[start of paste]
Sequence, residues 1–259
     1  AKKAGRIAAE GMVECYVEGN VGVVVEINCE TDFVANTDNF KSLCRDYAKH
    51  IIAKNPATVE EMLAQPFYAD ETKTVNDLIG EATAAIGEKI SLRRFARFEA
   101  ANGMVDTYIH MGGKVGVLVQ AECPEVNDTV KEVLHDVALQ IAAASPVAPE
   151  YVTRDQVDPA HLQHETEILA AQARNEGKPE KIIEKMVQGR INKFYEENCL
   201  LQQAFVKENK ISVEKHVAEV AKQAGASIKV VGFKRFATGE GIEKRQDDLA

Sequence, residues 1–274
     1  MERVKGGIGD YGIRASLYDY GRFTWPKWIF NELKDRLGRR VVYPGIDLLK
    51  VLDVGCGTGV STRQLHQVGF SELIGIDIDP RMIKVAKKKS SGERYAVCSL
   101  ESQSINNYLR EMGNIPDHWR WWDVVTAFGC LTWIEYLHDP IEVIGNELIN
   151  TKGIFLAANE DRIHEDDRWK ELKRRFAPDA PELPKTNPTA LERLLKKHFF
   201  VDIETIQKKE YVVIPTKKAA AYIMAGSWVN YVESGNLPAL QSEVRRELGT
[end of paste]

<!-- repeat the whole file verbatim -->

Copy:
Sequence, residues 1–259
     1  AKKAGRIAAE GMVECYVEGN VGVVVEINCE TDFVANTDNF KSLCRDYAKH
    51  IIAKNPATVE EMLAQPFYAD ETKTVNDLIG EATAAIGEKI SLRRFARFEA
   101  ANGMVDTYIH MGGKVGVLVQ AECPEVNDTV KEVLHDVALQ IAAASPVAPE
   151  YVTRDQVDPA HLQHETEILA AQARNEGKPE KIIEKMVQGR INKFYEENCL
   201  LQQAFVKENK ISVEKHVAEV AKQAGASIKV VGFKRFATGE GIEKRQDDLA

Sequence, residues 1–274
     1  MERVKGGIGD YGIRASLYDY GRFTWPKWIF NELKDRLGRR VVYPGIDLLK
    51  VLDVGCGTGV STRQLHQVGF SELIGIDIDP RMIKVAKKKS SGERYAVCSL
   101  ESQSINNYLR EMGNIPDHWR WWDVVTAFGC LTWIEYLHDP IEVIGNELIN
   151  TKGIFLAANE DRIHEDDRWK ELKRRFAPDA PELPKTNPTA LERLLKKHFF
   201  VDIETIQKKE YVVIPTKKAA AYIMAGSWVN YVESGNLPAL QSEVRRELGT